There is a fascinating article in the Wall Street Journal about the way in which using text messages could help to preserve language diversity around the world. The author suggests that there are about 200 languages around the world which have large enough populations to justify developing text message technology for them. Interestingly, he says that the real key (no pun intended) will be to have predictive text available in those languages. Given the way in which predictive text messes up every message I ever try and send, I’m not completely convinced, but he makes a strong case:
Putting text on cellphones involves more than just printing letters on the number keys. Texting is cumbersome on a 12-key handset, requiring multiple taps on keys to select some letters. It is even harder in languages with more than the 26 letters of English. In Hindi, a language with 11 vowels and 34 consonants that is spoken by 40% of the Indian population, texting “Namaste,” which means “hello,” can take 21 key presses.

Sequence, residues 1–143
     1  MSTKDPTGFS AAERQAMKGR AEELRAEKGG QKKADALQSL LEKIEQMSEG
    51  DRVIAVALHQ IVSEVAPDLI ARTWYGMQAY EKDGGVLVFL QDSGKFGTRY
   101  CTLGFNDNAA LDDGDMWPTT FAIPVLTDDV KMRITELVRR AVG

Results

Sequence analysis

The solution for most users is predictive text. A phone with predictive text guesses what word a person is trying to type on the 12-key cellphone keypad, requiring far fewer keystrokes.
Typing “Namaste” with predictive text takes just six key presses. Nuance Corp. of Burlington, Mass., which dominates the predictive-text market, says that in 2006 cellphone users in India with predictive text in their handsets averaged 70 messages a week; those without it averaged 18. (read more)
Welcome though this initiative is, it is only looking at 200 languages. Bible translation, which also helps to preserve minority languages has a much wider spread. We hope to see the Scriptures translated into most of the worlds 6,000 languages in the next seventeen years.
HT Many Pies.